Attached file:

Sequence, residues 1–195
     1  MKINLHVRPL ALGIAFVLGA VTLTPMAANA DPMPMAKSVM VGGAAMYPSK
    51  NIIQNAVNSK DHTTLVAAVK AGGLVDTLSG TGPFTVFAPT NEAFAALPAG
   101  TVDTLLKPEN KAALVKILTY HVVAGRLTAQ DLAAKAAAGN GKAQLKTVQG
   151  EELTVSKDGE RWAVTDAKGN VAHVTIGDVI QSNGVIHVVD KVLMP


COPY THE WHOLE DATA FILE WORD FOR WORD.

Sequence, residues 1–195
     1  MKINLHVRPL ALGIAFVLGA VTLTPMAANA DPMPMAKSVM VGGAAMYPSK
    51  NIIQNAVNSK DHTTLVAAVK AGGLVDTLSG TGPFTVFAPT NEAFAALPAG
   101  TVDTLLKPEN KAALVKILTY HVVAGRLTAQ DLAAKAAAGN GKAQLKTVQG
   151  EELTVSKDGE RWAVTDAKGN VAHVTIGDVI QSNGVIHVVD KVLMP